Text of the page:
By Ade Ojeikere
Those fable tellers mouthing the many gains of the domestic league are looking for where to cover their faces in shame. All the illusory permutations about money which would come into the coffers of the league have melted away like ice-cream under the sun. It has suddenly dawned on those advocates that they may have been scammed. Other facets of the league which have dared to raise their voices haven’t been able to do anything that would jolt the organisers.
Suddenly, the tiny thread holding the rickety league together is about to snap with the practitioners threatening to sit at home to expose the folly and tales of the organisers. The match referees have vowed not to step onto any pitch to handle games except their indemnities running into millions of naira in the last two seasons were paid in full. Previous attempts to paper the cracks in the league have fallen belly up.
The folly of getting Nigerian players in Europe to show off videos of them watching the domestic games wherever they were stares the organisers like a sore thumb. The videos have gone blank. No sound, no images and no side comments from our gullible players who ought to have told their mentors that it isn’t the way live games are shown on television in Europe.
The organisers in their characteristic style of playing god announced at the end of easily the worst league competition held in this country that the second stanza would begin at a date they later changed. And like the local clubs noted when the new movement of the resumption date to May 9, was publicised again, moving dates of matches is normal with the league organisers. What a shame.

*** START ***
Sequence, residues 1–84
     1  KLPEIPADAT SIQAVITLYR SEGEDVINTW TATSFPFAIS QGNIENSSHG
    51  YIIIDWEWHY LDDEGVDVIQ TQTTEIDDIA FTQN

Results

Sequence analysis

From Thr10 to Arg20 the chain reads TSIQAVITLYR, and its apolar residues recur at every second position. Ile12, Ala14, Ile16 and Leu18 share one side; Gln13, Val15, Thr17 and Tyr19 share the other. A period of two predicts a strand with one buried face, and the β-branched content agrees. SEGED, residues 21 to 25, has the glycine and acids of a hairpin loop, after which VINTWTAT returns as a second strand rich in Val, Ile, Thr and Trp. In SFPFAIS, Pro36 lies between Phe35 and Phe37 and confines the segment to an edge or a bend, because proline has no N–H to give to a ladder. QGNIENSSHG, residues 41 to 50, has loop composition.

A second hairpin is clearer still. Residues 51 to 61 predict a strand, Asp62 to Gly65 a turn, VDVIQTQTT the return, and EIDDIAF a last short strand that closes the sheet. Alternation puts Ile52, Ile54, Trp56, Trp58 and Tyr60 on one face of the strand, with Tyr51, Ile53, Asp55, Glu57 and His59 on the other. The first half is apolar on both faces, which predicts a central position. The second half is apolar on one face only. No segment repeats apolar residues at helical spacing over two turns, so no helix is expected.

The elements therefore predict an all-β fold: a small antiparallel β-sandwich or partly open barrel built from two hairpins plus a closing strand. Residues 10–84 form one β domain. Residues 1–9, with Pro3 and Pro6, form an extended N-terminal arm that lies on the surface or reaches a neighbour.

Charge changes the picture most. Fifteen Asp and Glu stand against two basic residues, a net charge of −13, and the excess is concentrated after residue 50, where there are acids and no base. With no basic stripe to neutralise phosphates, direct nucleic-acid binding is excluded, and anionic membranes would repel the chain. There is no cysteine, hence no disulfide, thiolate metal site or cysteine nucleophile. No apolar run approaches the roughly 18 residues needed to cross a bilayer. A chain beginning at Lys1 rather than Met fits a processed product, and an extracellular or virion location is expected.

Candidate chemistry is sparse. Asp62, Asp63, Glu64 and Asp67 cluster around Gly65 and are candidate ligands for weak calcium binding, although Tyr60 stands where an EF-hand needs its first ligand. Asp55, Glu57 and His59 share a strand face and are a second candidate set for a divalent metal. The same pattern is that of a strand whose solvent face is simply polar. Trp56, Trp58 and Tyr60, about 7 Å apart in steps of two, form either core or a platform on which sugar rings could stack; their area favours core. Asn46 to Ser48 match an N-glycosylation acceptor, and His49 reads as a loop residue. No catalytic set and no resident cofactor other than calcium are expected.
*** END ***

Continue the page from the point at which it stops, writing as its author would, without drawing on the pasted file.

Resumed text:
Would the second stanza begin on May 9? It is looking like a mirage except the referees go back on their promise to down tools. A few clubs won’t be surprised if the referees swallow their vomits with relish and return to the field with all its abnormalities, debts, and threats to referees’ lives by fans who ought to be locked out, no thanks to the coronavirus pandemic. A prominent club chairman laughed his hearts out when told that referees were planning a showdown with the league organisers. He hinged his foolery of the referees on the fact that they make more money from their unhealthy relationships with some rich clubs than what they would receive per game as indemnities. No prize for guessing that the referees handled Wednesday evening’s Oriental derby between Enyimba FC and IfeanyiUbah FC in Aba.
IfeanyiUbah shot into a 2-0 advantage but watched in disbelieve how the People’s Elephant rallied very hard to end the tie at dusk 2-2.